Reunion, by Mary Daheim
Reunion, by Mary Daheim
Serena Farrar’s world is on the brink of self-destruction. Determined to do her part to free the slaves, she dreams of joining the staff of her cousin’s newspaper in Springfield as a journalist. But the only way she can move to Massachusetts is to bow to her family’s wishes and marry sea captain Brant Parnell, in her mind a reckless fortune-hunter.
After Serena goes to work for the New Bedford Mercury, her hopes and dreams are quashed by an ugly scandal. Not even Brant can help or comfort her, for her coldness has sent him back to sea, feeling used and rejected. Serena’s only recourse is to flee to her sister’s home in New Bern, North Carolina. There, in the shadow of the growing conflict, she throws herself into her work on the local newspaper, still wondering why her passion for writing about truth and justice wasn’t enough.
When Brant arrives in New Bern, Serena begins to question everything she has lived for. As conflict engulfs the city, she struggles not only as a Yankee in enemy territory, but as a woman who was born to love and be loved. From the primeval forests of Maine to the lush Inner Banks of North Carolina, Serena and Brant discover that love trumps the worst of human follies.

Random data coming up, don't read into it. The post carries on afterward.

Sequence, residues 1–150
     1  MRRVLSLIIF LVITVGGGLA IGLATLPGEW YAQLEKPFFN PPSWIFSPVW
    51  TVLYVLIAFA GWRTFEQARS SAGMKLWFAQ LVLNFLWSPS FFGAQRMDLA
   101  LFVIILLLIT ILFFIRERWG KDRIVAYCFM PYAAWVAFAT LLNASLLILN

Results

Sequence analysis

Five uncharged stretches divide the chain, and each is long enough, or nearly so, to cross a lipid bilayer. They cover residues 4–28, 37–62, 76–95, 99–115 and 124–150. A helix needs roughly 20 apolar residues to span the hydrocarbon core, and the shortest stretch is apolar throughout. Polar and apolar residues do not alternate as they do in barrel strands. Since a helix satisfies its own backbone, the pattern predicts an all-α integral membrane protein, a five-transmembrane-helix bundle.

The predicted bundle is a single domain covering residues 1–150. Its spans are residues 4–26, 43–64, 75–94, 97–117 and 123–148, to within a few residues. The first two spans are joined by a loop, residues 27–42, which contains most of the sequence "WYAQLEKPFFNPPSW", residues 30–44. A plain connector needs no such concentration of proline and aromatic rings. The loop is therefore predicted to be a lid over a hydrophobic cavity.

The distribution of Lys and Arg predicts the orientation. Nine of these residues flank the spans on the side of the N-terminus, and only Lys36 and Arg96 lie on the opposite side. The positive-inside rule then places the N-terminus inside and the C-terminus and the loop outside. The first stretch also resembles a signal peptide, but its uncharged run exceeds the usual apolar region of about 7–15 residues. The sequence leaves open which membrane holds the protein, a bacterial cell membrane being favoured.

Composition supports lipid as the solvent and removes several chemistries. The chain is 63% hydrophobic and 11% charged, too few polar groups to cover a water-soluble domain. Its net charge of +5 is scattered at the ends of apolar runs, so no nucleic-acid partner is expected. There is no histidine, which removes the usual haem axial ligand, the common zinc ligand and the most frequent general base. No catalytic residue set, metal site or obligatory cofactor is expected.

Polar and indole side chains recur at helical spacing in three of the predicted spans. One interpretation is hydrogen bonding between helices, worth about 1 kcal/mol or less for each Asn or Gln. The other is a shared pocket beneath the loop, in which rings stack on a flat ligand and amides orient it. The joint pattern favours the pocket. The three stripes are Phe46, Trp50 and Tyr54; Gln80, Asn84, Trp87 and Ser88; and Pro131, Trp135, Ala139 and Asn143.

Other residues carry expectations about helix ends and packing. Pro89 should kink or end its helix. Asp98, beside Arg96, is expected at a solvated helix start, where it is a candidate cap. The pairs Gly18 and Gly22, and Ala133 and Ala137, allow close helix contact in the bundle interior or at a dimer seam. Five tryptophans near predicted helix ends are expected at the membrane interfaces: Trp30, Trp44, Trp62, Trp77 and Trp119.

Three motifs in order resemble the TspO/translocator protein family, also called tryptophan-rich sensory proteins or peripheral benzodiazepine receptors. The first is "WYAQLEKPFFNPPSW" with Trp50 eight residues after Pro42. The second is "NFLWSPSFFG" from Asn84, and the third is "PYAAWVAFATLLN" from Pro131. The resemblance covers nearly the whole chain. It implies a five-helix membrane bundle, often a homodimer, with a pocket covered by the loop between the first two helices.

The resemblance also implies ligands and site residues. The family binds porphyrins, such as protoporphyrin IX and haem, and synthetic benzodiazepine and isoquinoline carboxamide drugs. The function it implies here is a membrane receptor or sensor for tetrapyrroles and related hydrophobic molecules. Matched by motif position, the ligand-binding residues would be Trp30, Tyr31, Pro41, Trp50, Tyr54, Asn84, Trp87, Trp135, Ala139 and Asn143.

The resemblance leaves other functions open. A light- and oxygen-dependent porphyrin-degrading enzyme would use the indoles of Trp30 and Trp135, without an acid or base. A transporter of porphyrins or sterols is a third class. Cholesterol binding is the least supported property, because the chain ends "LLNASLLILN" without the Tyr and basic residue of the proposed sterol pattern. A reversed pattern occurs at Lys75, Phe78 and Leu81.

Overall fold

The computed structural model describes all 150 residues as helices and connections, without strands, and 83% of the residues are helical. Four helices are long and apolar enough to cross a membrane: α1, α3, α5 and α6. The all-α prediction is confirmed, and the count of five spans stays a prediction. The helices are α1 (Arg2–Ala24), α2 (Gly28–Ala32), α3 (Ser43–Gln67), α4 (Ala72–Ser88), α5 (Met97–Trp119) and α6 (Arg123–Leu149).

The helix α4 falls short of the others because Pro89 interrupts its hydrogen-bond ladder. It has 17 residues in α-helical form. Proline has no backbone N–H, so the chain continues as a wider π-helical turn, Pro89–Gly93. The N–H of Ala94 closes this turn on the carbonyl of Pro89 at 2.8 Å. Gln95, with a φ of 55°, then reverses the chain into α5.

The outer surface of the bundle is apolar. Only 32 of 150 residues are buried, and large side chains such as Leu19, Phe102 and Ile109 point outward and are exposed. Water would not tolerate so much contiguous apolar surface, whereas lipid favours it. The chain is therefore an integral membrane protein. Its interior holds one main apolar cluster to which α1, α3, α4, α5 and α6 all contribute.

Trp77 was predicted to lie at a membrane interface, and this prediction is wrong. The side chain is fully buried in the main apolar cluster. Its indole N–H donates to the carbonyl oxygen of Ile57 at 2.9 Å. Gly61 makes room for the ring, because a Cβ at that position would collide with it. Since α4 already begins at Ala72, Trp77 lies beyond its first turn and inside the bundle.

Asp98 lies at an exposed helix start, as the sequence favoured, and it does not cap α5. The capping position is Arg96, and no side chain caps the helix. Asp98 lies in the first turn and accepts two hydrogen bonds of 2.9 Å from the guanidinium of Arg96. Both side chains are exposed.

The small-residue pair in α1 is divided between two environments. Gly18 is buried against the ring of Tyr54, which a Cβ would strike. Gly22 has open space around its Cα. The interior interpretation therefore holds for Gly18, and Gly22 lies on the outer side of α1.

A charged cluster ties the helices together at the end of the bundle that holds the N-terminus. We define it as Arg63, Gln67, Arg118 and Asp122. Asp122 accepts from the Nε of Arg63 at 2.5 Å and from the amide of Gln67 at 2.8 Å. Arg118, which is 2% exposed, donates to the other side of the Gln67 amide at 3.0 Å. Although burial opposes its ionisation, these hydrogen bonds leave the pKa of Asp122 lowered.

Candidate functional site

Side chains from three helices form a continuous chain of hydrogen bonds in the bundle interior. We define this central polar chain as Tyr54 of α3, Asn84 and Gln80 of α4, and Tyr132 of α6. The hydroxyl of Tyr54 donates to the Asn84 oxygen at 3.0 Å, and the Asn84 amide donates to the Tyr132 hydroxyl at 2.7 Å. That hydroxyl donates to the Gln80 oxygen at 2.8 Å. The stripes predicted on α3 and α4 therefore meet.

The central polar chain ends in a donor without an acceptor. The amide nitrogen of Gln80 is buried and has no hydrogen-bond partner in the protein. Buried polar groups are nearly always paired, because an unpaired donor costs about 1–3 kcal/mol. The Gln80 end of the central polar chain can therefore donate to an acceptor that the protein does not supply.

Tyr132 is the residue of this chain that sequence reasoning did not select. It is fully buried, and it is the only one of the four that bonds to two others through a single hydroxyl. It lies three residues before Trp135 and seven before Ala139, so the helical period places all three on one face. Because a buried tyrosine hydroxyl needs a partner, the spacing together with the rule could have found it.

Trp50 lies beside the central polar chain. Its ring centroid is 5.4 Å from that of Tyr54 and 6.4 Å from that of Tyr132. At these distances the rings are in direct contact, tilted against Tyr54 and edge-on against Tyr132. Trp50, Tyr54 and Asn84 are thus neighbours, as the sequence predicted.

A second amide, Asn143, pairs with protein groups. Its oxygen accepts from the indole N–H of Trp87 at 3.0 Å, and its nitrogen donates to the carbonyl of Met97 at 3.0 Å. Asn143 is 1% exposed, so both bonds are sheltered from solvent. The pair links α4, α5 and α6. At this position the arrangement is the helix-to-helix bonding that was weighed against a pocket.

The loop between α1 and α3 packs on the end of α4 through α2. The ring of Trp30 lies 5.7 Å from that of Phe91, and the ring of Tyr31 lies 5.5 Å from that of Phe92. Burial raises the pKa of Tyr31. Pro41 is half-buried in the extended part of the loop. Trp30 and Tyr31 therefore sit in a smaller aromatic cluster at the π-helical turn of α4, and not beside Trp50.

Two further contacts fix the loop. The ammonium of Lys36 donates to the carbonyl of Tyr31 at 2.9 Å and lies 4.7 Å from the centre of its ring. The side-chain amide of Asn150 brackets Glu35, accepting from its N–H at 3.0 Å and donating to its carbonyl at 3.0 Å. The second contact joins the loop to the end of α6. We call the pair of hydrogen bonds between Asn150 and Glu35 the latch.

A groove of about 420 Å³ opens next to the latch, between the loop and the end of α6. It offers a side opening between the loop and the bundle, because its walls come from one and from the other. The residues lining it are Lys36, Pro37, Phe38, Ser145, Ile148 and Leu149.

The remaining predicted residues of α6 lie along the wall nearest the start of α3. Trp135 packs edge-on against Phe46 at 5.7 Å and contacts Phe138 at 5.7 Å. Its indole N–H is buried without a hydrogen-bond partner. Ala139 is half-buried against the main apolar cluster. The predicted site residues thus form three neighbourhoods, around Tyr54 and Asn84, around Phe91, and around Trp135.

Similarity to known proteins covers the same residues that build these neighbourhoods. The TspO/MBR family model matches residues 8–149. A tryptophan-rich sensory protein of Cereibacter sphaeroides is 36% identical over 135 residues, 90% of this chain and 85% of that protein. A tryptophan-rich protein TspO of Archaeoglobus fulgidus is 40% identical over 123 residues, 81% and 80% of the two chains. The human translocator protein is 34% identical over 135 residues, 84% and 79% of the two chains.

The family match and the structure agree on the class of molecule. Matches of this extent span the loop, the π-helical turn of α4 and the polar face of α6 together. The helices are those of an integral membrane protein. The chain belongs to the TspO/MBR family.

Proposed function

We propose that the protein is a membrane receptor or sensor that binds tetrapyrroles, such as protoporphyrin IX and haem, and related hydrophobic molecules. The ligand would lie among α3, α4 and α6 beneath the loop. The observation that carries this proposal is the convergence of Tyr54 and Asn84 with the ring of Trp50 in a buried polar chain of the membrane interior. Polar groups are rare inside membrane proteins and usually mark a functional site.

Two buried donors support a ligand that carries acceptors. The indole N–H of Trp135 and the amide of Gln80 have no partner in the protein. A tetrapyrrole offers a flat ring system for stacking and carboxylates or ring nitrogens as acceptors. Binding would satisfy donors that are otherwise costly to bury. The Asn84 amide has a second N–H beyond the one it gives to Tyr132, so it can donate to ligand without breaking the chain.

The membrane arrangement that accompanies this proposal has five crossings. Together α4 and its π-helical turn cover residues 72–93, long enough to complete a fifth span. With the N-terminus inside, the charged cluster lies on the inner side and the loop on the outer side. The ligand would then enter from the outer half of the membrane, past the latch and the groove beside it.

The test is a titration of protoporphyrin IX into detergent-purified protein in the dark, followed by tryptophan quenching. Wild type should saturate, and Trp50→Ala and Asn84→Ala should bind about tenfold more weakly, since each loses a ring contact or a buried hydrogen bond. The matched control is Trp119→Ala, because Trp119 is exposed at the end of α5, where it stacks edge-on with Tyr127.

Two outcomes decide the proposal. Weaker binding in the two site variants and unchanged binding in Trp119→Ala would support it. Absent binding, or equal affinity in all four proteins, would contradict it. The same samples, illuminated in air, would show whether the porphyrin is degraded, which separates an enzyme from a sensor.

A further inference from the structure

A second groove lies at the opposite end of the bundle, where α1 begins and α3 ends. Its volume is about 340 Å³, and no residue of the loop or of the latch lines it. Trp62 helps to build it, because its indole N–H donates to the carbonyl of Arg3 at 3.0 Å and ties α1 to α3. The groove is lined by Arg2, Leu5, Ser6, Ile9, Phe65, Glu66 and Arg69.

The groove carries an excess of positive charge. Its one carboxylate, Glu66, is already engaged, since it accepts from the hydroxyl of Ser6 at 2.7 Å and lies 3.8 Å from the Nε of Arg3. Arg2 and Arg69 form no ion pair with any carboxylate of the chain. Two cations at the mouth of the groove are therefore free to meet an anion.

“A quintessential romantic novel with historical elements that will provide dramatic, engaging appeal, and a fun and whimsical read.”
–Historical Novel Society
Seattle native Mary Richardson Daheim lives three miles from the house where she was raised. Upon getting her journalism degree from the University of Washington, she went to work for a newspaper in Anacortes, Washington. She married David Daheim and moved to Port Angeles where she became a reporter for the local daily. Both tours of small-town duty gave her the background for the Alpine/Emma Lord series. Mary spent much of her non-fiction career in public relations. She began her career as a novelist with seven historical romances before switching to mysteries in 1991. She has published at least 55 novels. Mary’s husband David died in February, 2010; they had been married for more than 43 years. They have three daughters, Barbara, Katherine and Magdalen, and two granddaughters, Maisy and Clara.
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